Private Eye: SBIA clocks legislative wins, sets sights on Dodd-Frank

The Small Business Investor Alliance, which lobbies for mid-market buyout and mezzanine shops, including many SBIC funds and BDCs, helped to secure member-friendly legislation as part of two appropriations bills this fall, including a provision that makes it easier for firms to raise additional SBIC funds.

SBIA wants the momentum to continue. Among its 2016 objectives, the organization may push for legislation to raise the AUM threshold for SEC registration to $1 billion from $150 million. It will also press to pass two pieces of legislation already introduced. One would lift the maximum ratio of leverage available to business development companies, or BDCs, from 1:1 to 2:1. The other would create a permanent advocate at the SEC for small businesses and their backers.

On the legislative wins front, Congress folded into the $1.1 trillion spending bill signed by President Barack Obama in December a provision that raises the amount of government-guaranteed leverage available to SBICs from $225 million to $350 million.

Brett Palmer, president of SBIA, said that, just as before, many individual SBIC funds will still top out at $225 million in size — $75 million in private capital supplemented with $150 million in borrowing under the SBIC debenture program of the U.S. Small Business Administration. However, the previous $225 million cap on total leverage across funds meant firms could secure just $75 million more in government-guaranteed loans for an additional SBIC fund. The new law ensures that the SBA doesn’t “punish” firms for being good enough to raise more than one SBIC fund, said Palmer.

The SBIA successfully lobbied to attach two additional riders to the spending bill, while also getting a rider attached to the highway bill that was signed into law in December. The result:

  • Investors in qualified small businesses organized as C-corporations won’t have to pay taxes on at least a portion of their gains. This marks a permanent extension of a tax break that had expired at the end of 2014. According to Palmer it represents good news for buyout firms that invest in companies with less than $50 million in gross assets, that hold them for at least five years, and that have taxable limited partners, such as high-net-worth investors.
  • Foreign investors in regulated investment companies, including BDCs, won’t be subject to tax withholding requirements on their dividends. As above, this outcome stems from the permanent extension of a buyout-industry-favorable tax treatment that had expired at the end of 2014.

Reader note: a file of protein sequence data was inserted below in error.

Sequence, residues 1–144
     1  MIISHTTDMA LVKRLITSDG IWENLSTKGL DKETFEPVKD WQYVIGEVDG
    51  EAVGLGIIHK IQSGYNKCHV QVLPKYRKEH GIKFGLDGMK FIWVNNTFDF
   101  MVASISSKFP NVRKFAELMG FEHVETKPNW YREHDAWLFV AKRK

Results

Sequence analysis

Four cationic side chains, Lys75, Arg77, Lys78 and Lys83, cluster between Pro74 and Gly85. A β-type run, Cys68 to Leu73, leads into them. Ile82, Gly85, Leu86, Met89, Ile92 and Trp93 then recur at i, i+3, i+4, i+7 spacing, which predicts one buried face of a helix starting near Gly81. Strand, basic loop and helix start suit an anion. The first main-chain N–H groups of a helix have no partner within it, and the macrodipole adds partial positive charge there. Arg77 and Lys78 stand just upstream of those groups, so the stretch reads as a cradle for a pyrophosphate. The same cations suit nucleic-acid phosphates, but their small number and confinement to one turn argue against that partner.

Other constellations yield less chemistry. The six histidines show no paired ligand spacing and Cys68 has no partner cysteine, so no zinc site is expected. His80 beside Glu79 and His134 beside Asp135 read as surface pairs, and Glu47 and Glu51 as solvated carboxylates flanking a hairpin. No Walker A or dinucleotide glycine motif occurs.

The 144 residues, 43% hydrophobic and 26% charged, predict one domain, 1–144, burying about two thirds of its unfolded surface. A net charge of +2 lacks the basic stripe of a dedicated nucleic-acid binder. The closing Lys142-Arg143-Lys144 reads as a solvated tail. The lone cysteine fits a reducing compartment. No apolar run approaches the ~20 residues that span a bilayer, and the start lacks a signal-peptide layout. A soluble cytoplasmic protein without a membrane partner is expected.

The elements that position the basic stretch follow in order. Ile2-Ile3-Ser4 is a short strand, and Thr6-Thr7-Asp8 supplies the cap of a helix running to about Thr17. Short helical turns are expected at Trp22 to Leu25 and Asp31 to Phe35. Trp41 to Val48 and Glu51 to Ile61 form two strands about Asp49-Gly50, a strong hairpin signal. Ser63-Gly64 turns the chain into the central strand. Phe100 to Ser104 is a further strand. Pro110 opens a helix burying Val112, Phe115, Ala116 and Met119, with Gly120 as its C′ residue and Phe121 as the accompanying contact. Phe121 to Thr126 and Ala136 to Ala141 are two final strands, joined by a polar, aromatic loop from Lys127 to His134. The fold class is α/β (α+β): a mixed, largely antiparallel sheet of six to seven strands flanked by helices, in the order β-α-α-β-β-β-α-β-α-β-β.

• Firms that raise SBIC funds no longer have to worry that money counts toward the $150 million AUM threshold for registration as investment advisers. SBIA helped secure this result as part of a handful of “technical corrections” made to the Dodd-Frank financial reform legislation.

Looking ahead to 2016, SBIA believes the time is ripe to a launch an assault on several other regulations imposed on many buyout firms by Dodd-Frank. Such requirements have been widely criticized by smaller shops as overly taxing. Palmer said raising the $150 million AUM threshold for having to register as an investment adviser with the SEC is “worth a look,” adding that Republicans are willing to go “much higher” than Democrats. SBIA is still surveying members on the question of the right cut-off, but Palmer called $1 billion a more “reasonable” number.

Meantime, SBIA plans to press Congress to move forward with two pieces of legislation that have already passed the House Financial Services Committee by large majorities. One, which passed the committee on a 53-4 vote in November, would raise the debt-to-equity ratio for BDCs to two to one from one to one. A higher cap would let BDCs earn better returns for investors, although not without higher risks for investors — a point of concern repeated this fall by SEC Chairwoman Mary Jo White in a letter to the committee. The proposed legislation would also let BDCs issue more than one kind of preferred stock.

The second piece of legislation, dubbed the “SEC Small Business Advocate Act,” would create an independent office at the SEC — with a single person appointed to run it — to make sure regulators take into account the impact of proposed rules on small businesses. Its establishment would echo that of the Office of the Investor Advocate, which Dodd-Frank created to give investors a greater say in decision-making at the SEC and in Congress. The House Financial Services Committee passed the small business advocate legislation by a 56-0 vote earlier this month.

“That bodes very well for [2016],” said Palmer.

Action Item: See the SEC Small Business Advocate Act here: